I’m stuck between genres, as I’ve complained before. That is, I want to be a memoir writer and talk about our journey in the hospital and how it changed us. And, I want to be a journalist and educate people about all of the science and history behind neonatal care. Pretty much every professional I’ve encountered through writers’ events has told me not to do that, or to self-publish, which is code-word for vanish to obscurity and quit bothering me.

I wrote to Alexandra Robbins, the author of the excellent “Pledged: The Secret Lives of Sororities” which does an excellent job of having a narrative follow the lives of two first-year girls in a sorority, and then it switches once per chapter to explaining how this is reflective of national trends. What’s the name of this genre, I asked. It doesn’t have a name, she said. But, she recommended that I read “Saving Sammy: Curing the Boy Who Caught OCD,” by Beth Alison Maloney.

There is a brutal truth to memoir-writing. You think what you’re doing is telling about what happened and that old adage “truth is stranger than fiction” will mean that your narrative will putter along nicely and people will want to read it. This is not true. You’re really writing a novel about something that actually happened, and you have to have the same story structure. It has to ask a question at the beginning that will not be answered until the end, and the book has to primarily be about the narrator and the changes he or she went through.

Saving Sammy does an excellent job of using this structure, and it’s clear that the book got good editing to get there. It’s about a woman with three sons, and the middle one is mostly healthy until he inexplicably starts showing signs of obsessive-compulsive disorder. He starts seeing invisible walls in rooms, and has to do elaborate dances to get around them or over them. The mother is a lawyer who often represents children as a guardian ad litem, so she is familiar with mental health treatment options for children, but none of them seem to be workable for her son. His condition gets worse and worse and no cause can be determined until a somewhat common illness (no spoilers) is found to be the culprit, and a reaction to that disease is causing his brain to be badly affected.

Since this post is mostly about my being stuck between genres, I’m going to mostly talk about structural things Maloney did that I liked:

  • She used an appropriate amount of medical terminology and explained what it meant, which taught me quite a bit. Some authors will avoid terminology completely, which then makes me feel like I’m being talked down to.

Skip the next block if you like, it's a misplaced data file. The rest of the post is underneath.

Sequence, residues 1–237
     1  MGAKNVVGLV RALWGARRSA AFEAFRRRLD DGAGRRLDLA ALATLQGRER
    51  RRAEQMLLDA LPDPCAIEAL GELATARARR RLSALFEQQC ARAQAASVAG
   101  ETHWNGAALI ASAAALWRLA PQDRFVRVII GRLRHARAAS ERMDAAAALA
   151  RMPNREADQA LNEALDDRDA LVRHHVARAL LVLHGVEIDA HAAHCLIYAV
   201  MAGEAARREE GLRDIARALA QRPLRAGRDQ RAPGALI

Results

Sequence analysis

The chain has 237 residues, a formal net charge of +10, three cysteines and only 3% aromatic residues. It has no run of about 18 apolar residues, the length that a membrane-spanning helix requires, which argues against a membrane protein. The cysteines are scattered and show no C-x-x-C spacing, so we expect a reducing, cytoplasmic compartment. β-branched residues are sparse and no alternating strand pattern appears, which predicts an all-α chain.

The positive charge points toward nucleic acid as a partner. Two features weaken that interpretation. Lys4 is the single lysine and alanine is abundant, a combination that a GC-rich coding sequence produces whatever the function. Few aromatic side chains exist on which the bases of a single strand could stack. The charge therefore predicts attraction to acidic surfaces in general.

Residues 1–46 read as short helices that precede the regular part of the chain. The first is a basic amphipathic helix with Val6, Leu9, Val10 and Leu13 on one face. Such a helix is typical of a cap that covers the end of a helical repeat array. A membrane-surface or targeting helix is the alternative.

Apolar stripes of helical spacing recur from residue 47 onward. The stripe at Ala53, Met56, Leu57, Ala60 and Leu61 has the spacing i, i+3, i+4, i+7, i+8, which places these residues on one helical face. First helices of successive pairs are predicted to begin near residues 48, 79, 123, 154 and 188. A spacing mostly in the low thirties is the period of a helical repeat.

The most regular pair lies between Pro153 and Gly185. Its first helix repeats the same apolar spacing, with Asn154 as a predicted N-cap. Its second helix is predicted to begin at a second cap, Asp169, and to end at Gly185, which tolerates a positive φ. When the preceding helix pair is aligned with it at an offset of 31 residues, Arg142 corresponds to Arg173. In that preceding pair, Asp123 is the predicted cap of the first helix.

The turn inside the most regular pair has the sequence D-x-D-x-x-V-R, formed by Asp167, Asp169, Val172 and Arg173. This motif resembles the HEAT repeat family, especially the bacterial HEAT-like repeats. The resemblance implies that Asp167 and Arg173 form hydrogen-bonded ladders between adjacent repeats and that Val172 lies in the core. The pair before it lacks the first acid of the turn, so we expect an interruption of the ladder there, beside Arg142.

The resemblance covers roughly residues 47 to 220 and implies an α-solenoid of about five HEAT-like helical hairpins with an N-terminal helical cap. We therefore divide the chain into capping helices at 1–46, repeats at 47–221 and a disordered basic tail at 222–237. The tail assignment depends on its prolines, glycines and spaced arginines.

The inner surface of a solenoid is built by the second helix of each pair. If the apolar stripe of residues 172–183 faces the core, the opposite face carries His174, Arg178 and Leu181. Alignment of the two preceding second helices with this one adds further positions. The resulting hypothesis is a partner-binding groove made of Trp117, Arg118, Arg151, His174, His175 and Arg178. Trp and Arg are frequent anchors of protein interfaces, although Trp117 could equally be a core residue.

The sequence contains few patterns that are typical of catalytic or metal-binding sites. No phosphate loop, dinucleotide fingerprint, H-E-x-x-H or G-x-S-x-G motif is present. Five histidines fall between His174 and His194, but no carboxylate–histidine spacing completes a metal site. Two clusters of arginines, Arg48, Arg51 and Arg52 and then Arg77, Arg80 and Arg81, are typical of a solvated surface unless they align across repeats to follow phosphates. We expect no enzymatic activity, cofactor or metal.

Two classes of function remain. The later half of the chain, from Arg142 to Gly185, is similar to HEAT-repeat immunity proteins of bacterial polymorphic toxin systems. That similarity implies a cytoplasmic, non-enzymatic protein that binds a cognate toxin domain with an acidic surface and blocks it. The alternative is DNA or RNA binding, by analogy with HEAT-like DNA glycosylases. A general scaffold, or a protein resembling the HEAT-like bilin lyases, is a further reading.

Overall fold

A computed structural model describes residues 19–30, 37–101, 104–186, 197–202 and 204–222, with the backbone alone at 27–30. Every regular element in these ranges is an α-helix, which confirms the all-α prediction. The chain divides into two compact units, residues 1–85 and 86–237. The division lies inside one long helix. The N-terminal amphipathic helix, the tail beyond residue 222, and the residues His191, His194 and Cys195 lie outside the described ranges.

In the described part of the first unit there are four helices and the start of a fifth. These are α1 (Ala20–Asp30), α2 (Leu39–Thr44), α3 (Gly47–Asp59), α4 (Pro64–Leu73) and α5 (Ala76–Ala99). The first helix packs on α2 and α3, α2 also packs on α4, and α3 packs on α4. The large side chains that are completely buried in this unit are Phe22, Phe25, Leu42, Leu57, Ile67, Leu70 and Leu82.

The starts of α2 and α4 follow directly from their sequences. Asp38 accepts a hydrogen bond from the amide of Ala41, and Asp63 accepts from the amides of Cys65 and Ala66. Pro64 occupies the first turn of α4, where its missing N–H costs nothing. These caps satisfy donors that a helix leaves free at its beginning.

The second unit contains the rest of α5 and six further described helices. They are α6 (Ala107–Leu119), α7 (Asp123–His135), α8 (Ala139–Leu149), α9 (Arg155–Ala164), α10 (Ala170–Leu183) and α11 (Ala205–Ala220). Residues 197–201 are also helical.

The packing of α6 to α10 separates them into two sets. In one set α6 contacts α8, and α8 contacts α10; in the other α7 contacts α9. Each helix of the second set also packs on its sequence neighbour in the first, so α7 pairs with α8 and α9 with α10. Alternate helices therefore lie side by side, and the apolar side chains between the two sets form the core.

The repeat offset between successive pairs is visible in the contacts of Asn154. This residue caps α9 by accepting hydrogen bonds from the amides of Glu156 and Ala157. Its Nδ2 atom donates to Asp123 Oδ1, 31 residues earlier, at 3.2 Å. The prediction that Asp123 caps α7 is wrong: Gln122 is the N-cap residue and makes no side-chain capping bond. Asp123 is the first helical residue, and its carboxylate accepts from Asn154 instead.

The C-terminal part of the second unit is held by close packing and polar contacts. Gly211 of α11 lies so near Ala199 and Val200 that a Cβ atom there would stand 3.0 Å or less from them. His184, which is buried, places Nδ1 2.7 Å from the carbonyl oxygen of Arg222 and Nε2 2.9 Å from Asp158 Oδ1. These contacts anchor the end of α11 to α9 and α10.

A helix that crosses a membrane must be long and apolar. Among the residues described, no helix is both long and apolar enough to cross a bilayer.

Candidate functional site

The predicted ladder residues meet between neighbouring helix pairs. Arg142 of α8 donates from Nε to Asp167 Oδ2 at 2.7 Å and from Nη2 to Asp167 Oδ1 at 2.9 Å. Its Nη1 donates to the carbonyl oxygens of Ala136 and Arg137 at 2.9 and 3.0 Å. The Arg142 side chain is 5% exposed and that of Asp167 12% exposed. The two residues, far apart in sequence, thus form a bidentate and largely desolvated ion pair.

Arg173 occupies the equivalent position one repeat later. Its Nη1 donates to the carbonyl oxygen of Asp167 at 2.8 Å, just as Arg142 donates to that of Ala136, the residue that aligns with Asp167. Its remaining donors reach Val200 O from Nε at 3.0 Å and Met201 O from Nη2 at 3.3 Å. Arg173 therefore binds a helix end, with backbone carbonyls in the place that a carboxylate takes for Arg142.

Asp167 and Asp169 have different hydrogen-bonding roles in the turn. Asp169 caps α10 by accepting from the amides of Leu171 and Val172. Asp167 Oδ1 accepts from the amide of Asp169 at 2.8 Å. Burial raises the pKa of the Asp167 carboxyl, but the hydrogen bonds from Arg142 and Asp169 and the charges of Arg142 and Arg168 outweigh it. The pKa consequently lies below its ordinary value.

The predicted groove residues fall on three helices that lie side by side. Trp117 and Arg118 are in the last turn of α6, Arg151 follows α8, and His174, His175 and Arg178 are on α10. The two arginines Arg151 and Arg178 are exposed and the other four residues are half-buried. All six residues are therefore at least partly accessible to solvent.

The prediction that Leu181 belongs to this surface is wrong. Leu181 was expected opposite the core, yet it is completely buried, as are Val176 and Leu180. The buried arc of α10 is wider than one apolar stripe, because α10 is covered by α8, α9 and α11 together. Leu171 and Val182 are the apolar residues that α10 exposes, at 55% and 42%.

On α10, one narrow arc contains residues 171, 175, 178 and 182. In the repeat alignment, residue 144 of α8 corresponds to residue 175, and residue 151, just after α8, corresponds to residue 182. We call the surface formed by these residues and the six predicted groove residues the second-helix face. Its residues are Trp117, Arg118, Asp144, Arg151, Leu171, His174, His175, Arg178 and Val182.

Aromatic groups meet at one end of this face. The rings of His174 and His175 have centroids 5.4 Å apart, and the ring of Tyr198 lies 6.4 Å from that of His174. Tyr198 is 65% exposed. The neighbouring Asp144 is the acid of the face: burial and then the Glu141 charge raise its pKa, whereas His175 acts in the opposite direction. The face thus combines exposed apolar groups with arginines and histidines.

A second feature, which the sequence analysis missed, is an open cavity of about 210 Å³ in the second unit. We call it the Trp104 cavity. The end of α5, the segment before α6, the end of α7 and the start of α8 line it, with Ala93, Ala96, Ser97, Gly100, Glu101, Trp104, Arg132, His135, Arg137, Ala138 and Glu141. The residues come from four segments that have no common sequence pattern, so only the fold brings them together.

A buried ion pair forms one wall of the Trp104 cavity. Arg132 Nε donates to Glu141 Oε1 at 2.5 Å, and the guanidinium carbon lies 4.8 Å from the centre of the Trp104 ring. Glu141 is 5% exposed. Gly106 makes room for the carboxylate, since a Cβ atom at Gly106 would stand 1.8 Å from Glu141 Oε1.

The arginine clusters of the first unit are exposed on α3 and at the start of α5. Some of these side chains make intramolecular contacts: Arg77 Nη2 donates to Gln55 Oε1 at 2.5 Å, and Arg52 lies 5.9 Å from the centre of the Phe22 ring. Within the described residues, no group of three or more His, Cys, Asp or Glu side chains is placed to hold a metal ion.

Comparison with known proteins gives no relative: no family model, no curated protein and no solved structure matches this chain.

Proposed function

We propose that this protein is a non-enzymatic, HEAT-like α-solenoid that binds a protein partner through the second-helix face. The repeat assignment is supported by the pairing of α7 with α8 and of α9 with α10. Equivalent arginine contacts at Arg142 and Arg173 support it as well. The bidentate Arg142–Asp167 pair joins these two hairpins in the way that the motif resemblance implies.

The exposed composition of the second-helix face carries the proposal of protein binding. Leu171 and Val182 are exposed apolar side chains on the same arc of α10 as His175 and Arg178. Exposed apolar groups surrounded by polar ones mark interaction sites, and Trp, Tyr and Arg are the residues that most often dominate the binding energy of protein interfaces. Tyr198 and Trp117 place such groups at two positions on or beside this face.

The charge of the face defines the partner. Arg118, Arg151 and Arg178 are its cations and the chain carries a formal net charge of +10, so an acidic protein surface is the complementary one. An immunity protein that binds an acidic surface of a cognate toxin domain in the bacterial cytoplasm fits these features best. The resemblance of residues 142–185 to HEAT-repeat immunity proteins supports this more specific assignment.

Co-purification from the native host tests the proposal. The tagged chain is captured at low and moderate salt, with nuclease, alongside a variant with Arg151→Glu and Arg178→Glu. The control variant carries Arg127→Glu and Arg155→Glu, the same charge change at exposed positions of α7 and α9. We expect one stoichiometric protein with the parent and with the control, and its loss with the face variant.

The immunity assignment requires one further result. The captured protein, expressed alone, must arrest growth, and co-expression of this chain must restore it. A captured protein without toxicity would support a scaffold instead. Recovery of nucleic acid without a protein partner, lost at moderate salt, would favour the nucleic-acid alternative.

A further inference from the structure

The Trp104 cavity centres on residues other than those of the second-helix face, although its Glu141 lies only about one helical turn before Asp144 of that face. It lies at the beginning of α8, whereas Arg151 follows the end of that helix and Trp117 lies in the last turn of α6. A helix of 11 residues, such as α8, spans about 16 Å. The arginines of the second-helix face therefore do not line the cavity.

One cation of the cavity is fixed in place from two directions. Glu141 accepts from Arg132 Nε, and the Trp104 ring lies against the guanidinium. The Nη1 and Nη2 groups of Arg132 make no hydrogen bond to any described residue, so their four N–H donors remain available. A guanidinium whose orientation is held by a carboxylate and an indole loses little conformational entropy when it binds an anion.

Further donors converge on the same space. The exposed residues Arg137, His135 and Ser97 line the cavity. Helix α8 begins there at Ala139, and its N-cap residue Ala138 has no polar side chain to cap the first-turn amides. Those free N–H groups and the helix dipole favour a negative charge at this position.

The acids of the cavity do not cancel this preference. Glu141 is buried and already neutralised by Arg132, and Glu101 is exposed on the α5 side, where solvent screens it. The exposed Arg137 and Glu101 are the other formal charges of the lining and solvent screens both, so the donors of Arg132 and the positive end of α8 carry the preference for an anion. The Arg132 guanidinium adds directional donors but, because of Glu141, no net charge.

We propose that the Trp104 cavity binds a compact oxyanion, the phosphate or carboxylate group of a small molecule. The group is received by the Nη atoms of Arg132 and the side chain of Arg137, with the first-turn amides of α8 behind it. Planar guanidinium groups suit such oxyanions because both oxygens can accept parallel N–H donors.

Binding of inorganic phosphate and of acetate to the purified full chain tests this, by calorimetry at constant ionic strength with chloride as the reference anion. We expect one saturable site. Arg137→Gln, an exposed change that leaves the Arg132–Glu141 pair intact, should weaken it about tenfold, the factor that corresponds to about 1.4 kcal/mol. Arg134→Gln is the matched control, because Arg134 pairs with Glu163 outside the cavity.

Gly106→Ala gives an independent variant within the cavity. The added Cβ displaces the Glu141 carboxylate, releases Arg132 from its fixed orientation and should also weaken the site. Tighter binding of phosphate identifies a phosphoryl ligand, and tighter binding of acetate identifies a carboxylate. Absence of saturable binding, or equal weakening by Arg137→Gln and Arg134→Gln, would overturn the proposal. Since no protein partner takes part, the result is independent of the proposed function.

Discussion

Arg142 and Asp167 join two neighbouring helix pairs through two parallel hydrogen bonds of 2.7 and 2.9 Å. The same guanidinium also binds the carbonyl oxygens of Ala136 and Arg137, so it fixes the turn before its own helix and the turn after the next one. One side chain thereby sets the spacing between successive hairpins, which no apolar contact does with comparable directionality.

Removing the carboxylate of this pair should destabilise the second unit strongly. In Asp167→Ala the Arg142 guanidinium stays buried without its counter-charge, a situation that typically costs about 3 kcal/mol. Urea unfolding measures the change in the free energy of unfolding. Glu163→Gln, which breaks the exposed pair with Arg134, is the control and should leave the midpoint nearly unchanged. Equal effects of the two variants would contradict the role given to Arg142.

• She grounds the time of the narrative in the changing of the seasons in Maine, which gives the reader a good sense of where we are in the journey.
  • She does a good job of developing two characters — herself, who learned to persevere, and her middle son, for whom the climax of the book centers around an impressive speech at a bar mitzvah.

But then, I could tell she was also withholding a number of important details from her life that either didn’t support the story arc, or that she wanted to keep private: Her divorce, her children’s father, her Jewish faith, about why they had been in California (kind of an important detail when a great deal of her middle son’s stress had to do with moving). And, she gauges her progress towards being a sane person by whether she can go kayaking. Nothing wrong with that (I’m an avid bicyclist myself) but there needed to be more about why this meant so much to her if it is going to show up so often.

Then, at the very end, she has a brief editorial on how diagnosis of mental illnesses needs to include additional questions about possible causes. Her short explanation is only a couple of pages long, and it includes a bibliography with sources for additional reading. My first draft included 80 or 90 pages like that, especially about the bioethical dilemma of whether to resuscitate a preemie, and who should get to make the decision. (I’ve got something of a campaign I want to start on this.) Alas, I have to cut that waaaay down if I want to get published. Sigh.

Saving Sammy: very good book. Read it.